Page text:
bool OEParseSmiles(OEMolBase &mol, const char *str, bool canon=false, bool strict=false) bool OEParseSmiles(OEMolBase &mol, const std::string &str, bool canon=false, bool strict=false) bool OEParseSmiles(OEMolBase &mol, const char *str, const OEParseSmilesOptions &options) bool OEParseSmiles(OEMolBase &mol, const std::string &str, const OEParseSmilesOptions &options)
- The constructed molecule.
- The SMILES string that is parsed into the molecule.
Flag that determines whether the post-processing kekulization is performed. Passing a boolean true value to this argument indicates to the parser that the SMILES string should be assumed to be well-formed and the usual kekulization (by calling OEKekulize) step may be omitted.
This can be used to speed-up parsing of a large database, but has the side-effect that bond orders are not correctly assigned for aromatic molecules.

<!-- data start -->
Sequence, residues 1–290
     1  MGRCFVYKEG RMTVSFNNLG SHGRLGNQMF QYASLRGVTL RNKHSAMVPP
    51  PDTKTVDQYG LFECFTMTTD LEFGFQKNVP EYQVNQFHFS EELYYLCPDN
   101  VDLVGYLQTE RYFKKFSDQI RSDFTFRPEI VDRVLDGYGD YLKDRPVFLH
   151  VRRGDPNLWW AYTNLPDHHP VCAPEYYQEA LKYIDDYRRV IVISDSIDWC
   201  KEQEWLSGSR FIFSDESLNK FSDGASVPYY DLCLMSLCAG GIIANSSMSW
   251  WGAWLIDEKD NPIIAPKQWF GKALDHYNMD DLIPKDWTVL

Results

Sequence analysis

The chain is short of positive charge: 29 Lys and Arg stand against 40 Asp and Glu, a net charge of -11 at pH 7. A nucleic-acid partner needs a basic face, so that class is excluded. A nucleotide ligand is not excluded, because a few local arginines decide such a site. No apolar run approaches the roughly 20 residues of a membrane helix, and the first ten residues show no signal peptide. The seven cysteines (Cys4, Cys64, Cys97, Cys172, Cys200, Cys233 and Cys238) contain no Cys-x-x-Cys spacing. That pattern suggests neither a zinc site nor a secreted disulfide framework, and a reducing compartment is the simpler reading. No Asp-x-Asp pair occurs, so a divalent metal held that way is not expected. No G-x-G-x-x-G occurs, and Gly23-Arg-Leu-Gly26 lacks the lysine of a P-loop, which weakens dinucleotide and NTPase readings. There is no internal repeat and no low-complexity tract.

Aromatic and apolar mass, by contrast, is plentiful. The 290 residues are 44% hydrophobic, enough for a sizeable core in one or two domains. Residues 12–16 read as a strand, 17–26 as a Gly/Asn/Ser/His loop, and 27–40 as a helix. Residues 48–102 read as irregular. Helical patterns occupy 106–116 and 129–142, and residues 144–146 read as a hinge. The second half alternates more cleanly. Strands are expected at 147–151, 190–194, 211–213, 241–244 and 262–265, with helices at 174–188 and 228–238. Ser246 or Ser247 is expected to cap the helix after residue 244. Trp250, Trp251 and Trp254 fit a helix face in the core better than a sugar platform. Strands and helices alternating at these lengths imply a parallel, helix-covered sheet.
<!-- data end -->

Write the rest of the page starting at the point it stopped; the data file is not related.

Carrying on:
- Flag that controls whether the parser should operate in strict mode. By default, the SMILES parser attempts to process any reasonably formed SMILES string. If the ‘strict’ argument is true, the parser applies more rigorous sanity checking. For example, the SMILES C==C is accepted by the default non-strict parser, but rejected by the strict parser.
- The OEParseSmilesOptions object that stores properties that influence how a SMILES string is parsed into a molecule.
The input molecule instance is not cleared so these functions can be used to add components to an existing molecule. If the SMILES string represents a reaction, any previously-existing atoms and bonds not already in a reaction component become reactants in the resulting molecule object.
The use of the high-level OESmilesToMol function is highly recommended over the low-level OEParseSmiles function. The OESmilesToMol function not only converts a SMILES string into a molecule but also perceives basic molecular properties.